Most of us own or have use of a smart-phone, many have tablet computers and nearly everybody has a computer connected to the internet. Your clients expect to know how their transaction is progressing at any time of the day or night. We want to be able to review documents at our convenience.
Most of us rely upon smartphone Apps or mobile ready web-sites to access information on the move. We want to be able to send a message to our conveyancing team in the evening so it will be seen and responded to as soon as the office opens in the morning.
Digital signatures will be more widely used in the conveyancing process over the next few years. From signing documents including the TransAction forms to ultimately executing the mortgage deed. An audit trail records when a document was signed, the device used and the location. Once digitally signed a document cannot be amended. I am sure we will become so used to signing documents digitally, that before too long it will be unusual to use a pen to sign a document. There are so many benefits to having a document digitally signed.
If you weren’t thinking about cyber security before the global attack that hit the NHS last month you probably are now. Within conveyancing practices, however, you will have been alerted to the very real risks of property fraud. The Law Society and SRA have raised concern about the use of e-mail and the risk it poses. We have all heard about phishing and fake e-mails where a client is duped into sending the deposit or completion moneys for their property transaction to fraudsters and the devastating affect caused by losing significant sums of money.
Many case management solutions enable you to share documents via secure web services that are highly encrypted and provide a far more secure method of communicating sensitive information with your client. Documents are only able to be viewed when a secure service has been accessed having entered a user name and password. You need to think about how you communicate these details to your client. The password should be provided using a different communication method than the one used to inform them of their user name. Avoid using e-mail for this purpose.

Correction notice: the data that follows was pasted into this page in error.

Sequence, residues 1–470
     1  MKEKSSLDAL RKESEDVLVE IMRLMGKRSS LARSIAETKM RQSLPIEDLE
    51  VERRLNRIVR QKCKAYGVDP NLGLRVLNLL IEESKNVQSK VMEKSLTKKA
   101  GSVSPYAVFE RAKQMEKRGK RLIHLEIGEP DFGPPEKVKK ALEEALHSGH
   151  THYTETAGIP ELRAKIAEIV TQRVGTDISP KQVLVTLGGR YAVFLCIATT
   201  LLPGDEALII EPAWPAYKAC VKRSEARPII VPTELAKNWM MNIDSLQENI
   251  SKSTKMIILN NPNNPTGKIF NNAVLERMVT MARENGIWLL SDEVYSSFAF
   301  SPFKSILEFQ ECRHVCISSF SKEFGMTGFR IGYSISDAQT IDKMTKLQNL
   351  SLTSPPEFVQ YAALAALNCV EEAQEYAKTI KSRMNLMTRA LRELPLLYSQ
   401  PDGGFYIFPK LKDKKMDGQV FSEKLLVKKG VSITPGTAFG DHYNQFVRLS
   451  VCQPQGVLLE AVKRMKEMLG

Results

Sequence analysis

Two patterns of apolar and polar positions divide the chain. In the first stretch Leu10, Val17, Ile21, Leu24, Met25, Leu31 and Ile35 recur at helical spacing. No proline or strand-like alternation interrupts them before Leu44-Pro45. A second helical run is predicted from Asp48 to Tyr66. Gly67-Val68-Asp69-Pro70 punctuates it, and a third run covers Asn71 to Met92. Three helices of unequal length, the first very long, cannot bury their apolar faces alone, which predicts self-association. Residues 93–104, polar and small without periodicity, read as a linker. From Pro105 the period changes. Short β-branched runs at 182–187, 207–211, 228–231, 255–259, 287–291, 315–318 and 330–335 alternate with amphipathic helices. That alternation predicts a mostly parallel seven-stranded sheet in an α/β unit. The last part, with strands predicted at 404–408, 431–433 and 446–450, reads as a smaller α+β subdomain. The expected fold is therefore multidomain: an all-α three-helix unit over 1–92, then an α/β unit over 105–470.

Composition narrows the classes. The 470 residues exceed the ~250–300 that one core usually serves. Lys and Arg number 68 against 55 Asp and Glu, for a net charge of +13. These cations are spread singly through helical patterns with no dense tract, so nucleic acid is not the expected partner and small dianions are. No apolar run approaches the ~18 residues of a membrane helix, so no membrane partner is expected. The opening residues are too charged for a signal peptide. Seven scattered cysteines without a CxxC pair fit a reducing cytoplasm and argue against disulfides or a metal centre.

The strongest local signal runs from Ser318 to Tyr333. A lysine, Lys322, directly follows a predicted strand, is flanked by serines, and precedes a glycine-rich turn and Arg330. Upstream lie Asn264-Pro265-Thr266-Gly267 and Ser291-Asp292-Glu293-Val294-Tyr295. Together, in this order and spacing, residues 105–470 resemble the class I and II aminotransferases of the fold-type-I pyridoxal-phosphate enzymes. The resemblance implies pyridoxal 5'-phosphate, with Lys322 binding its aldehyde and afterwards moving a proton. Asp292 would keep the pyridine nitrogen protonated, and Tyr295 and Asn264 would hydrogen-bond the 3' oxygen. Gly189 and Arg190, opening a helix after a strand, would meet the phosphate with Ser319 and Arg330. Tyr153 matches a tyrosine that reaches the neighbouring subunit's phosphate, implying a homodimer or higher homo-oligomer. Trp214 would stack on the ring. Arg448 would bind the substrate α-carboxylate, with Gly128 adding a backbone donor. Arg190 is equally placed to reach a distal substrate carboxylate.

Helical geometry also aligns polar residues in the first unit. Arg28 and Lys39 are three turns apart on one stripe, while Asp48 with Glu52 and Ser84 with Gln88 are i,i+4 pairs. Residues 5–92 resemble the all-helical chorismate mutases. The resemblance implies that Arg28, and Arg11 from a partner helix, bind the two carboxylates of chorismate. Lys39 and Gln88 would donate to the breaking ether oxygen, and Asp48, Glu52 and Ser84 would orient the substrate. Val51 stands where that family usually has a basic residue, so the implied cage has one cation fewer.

If your case management supplier doesn’t already provide the ability to upload documents to share them with specified parties to a transaction either via a secure web-service or an App, then it is likely they will be working on providing this functionality in the short to medium term.
Artificial Intelligence and Robots
Up to now, computers have essentially been very good slaves. They perform tasks triggered by human input. You either type on a keyboard, use a mouse to click on a button or by using your fingers on a touch screen and many of you will rely upon digital dictation. Whichever method you use, the computer performs a task under the direct control of the user.
We are in the dawn of a new revolution with computing power increasing almost exponentially and the realisation highly skilled professionals can be replaced by robots. For many years, low skilled and highly repetitive jobs have been replaced by robots. We are about to see highly skilled activities such as those performed by you within the legal profession being performed by computers.
Computers have been trained to read vast amounts of information and write original documents. If we think about the conveyancing process, then it is clear that many aspects of the process can be automated by computers.
I read with interest an article written by Jonathan Smithers which posed the question “Will Lawyers be replaced by robots?” It was written only a year ago and at the time of writing, Jonathan concluded that solicitors could not. I wonder if he would reach the same conclusion today. I agree wholeheartedly with Jonathan’s final-conclusion.
“Finally, empathy and building trust with a client is an essential quality for solicitors which artificial intelligence systems lack. We have moral and ethical responsibilities in the work that we do, whereas AI does not.”
In America, LegalZoom provides the legal solutions needed to start a business, run a business, file a trademark application, make a will, create a living trust, file bankruptcy, change your name, and handle a variety of other common legal matters for small businesses and families.